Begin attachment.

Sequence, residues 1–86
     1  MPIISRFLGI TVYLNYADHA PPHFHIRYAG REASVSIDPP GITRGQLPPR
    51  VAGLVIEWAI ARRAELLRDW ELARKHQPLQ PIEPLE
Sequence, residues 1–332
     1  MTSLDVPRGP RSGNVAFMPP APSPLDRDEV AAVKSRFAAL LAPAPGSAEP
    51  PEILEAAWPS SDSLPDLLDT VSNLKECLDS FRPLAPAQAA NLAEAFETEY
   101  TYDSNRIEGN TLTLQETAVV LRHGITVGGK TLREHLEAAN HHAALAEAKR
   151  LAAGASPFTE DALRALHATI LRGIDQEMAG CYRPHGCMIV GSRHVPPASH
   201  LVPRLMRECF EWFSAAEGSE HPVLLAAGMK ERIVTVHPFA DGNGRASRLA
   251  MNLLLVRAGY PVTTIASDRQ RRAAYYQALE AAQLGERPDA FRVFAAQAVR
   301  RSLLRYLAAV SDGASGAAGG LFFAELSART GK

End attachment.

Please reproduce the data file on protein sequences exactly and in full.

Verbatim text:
Sequence, residues 1–86
     1  MPIISRFLGI TVYLNYADHA PPHFHIRYAG REASVSIDPP GITRGQLPPR
    51  VAGLVIEWAI ARRAELLRDW ELARKHQPLQ PIEPLE
Sequence, residues 1–332
     1  MTSLDVPRGP RSGNVAFMPP APSPLDRDEV AAVKSRFAAL LAPAPGSAEP
    51  PEILEAAWPS SDSLPDLLDT VSNLKECLDS FRPLAPAQAA NLAEAFETEY
   101  TYDSNRIEGN TLTLQETAVV LRHGITVGGK TLREHLEAAN HHAALAEAKR
   151  LAAGASPFTE DALRALHATI LRGIDQEMAG CYRPHGCMIV GSRHVPPASH
   201  LVPRLMRECF EWFSAAEGSE HPVLLAAGMK ERIVTVHPFA DGNGRASRLA
   251  MNLLLVRAGY PVTTIASDRQ RRAAYYQALE AAQLGERPDA FRVFAAQAVR
   301  RSLLRYLAAV SDGASGAAGG LFFAELSART GK